HR managers can get hundreds of applications for a single job, and they may have to interview dozens of candidates before finding the right one to join the team. Many times, the other candidates get overlooked in the process and are completely forgotten. A recent study by CareerBuilder, however, shows that if a job candidate is unhappy with how he or she was rejected, it can have a larger negative effect on the company in question.
While a measly email seems like nothing more than an easy means to get a message to another person or company, there are several factors that go into an email that can either make or break your brand. You might come off as the smart and witty person that everyone wants to work with, or your email might reveal that that you just haven't picked up modern times yet. Factors like your domain and signature can tell potential clients a lot about your brand.
The only advice worth getting is advice from people who are successful at whatever they're advising you to do. You wouldn't want financial planning advice from someone who was bankrupt, for example, or cooking lessons from someone who always orders out. So when it comes to getting tips on how to balance work and life, I want info from someone who is spectacularly good at both their job and their personal life.
Enter Liz Pearce, CEO of online project management startup LiquidPlanner, mom, wife, friend, and self-described "type-A, perfectionist control freak."
We've all been there. It's after lunch on a crazy Wednesday at the office and you just happen to glance a peek at yourself in the reflection of your computer screen. Your hair looks as frazzled as you feel. Many of us resort to the emergency ponytail, grabbing the rubber band from our desk drawer and hurriedly putting our hair up. Still, we don't feel as confident as we did when we left the house. Luckily, there are simple tools and tricks for preventing the Wednesday Hair Frazzles.
In nearly every survey taken of the American worker, "job flexibility" features at the top of the list of the perks employees dream about. Many tech companies pride themselves on offering their employees the option to telecommute, create their own schedule, or work from home on an as-needed basis. In our ever-changing world of what constitutes acceptable work/life balance, it's no wonder Yahoo CEO Marissa Mayer's new ban on telecommuting has the tech world buzzing.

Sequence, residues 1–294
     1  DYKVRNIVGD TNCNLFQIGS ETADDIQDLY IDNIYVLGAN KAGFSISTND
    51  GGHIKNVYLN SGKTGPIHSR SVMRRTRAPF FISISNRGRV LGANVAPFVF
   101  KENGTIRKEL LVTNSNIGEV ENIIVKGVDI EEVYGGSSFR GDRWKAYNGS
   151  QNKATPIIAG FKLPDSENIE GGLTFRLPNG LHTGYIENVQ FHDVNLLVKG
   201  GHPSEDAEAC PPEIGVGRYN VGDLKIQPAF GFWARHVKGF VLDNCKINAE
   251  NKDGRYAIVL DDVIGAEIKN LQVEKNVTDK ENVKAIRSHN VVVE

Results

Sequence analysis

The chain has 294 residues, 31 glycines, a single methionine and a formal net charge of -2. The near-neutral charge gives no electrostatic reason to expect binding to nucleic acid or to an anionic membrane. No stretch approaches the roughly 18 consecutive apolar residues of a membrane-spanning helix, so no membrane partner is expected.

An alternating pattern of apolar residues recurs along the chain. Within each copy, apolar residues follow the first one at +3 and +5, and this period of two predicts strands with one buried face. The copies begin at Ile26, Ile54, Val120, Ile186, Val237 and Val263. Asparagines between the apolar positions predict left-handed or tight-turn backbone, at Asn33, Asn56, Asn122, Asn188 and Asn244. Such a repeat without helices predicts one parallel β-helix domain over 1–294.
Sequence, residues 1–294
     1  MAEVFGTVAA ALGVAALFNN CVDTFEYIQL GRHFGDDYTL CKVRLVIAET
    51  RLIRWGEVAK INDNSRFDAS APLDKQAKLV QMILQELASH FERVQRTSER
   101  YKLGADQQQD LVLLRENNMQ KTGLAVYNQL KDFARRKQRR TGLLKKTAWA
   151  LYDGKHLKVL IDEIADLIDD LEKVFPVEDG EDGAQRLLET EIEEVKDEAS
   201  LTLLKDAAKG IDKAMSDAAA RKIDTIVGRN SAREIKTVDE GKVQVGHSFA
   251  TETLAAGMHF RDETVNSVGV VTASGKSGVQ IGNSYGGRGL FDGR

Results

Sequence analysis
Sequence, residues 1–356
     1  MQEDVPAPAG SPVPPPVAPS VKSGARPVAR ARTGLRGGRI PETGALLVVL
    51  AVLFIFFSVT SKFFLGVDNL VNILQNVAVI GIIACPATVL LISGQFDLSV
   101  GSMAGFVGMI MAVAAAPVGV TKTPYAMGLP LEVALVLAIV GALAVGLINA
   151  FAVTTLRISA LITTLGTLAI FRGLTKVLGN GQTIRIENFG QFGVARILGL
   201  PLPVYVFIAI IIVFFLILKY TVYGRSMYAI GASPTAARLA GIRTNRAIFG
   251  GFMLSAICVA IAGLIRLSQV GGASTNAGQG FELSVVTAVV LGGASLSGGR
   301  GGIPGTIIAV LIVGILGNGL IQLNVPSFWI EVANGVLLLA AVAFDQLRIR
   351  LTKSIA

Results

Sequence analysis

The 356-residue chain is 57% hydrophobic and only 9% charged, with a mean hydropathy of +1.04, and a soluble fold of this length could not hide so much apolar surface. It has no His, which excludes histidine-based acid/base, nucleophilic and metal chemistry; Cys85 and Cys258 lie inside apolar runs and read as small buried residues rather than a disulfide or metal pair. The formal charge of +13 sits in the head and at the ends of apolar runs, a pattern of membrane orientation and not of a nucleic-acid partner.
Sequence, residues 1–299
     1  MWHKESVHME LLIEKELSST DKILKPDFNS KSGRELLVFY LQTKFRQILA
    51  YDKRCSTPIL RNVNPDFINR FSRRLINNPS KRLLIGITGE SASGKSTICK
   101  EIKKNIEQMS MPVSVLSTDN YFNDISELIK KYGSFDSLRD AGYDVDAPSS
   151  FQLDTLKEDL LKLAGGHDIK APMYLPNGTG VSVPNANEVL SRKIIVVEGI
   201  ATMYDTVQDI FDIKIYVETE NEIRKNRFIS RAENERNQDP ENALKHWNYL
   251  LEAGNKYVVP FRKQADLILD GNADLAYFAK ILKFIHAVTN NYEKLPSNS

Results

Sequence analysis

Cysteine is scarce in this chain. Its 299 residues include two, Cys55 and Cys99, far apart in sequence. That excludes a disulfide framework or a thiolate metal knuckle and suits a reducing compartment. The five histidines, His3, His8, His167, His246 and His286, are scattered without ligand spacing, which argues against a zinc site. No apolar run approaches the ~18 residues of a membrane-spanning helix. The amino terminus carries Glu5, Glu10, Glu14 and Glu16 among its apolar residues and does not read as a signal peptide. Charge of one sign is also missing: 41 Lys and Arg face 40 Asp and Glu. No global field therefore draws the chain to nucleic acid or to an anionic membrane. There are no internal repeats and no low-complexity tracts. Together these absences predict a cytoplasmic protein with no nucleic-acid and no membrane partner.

At the rate that jobs are being outsourced, and with more and more companies choosing to bring in contractors instead of employees, a perfect storm is being created. That storm could result in a whole new world of entrepreneurs who could replace employees, as this Funders and Founders indicates.
When it comes to perks, Google's the gold standard. If you work at Google, your day is a sea of nap pods and free cereal and independent projects. (And, OK, probably some work in there, too. Google employees tend to put in long days.) But there's perhaps no greater fringe benefit than Google's cafeteria, where the gourmet food is unlimited, locally farmed, and culturally diverse.
It's also a trick, sort of. In addition to encouraging Googlers to work those longer hours, the free food the company offers is specially designed to be as healthy as possible. The thought, of course, is that healthy food will equal healthy employees, which saves health care costs and prevents absenteeism.
Most companies like to hire by referral whenever possible. Workers love it because it allows them to network their way into new jobs; organizations love it, because good workers tend to recommend other good workers. So what could possibly be the downside to all of this?
When you picture high-paying jobs, you probably think of gigs that require a lot of education. But for every lawyer and dentist, there are a whole bunch of people who have jobs they love -- with great salaries -- that only required an associate's degree.
What makes a company woman-friendly? A combination of benefits (actual, paid, maternity leave) and opportunity (ideally, equal numbers of women and men in high-ranking roles). The National Association for Female Executives recently released its 2013 list of best companies for executive women. You can see all 50 here, but these are the top five: